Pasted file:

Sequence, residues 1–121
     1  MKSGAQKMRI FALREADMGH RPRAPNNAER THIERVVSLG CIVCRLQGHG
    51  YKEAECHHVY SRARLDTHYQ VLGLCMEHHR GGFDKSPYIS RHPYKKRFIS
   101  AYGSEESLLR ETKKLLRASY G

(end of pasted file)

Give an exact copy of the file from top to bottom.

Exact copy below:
Sequence, residues 1–121
     1  MKSGAQKMRI FALREADMGH RPRAPNNAER THIERVVSLG CIVCRLQGHG
    51  YKEAECHHVY SRARLDTHYQ VLGLCMEHHR GGFDKSPYIS RHPYKKRFIS
   101  AYGSEESLLR ETKKLLRASY G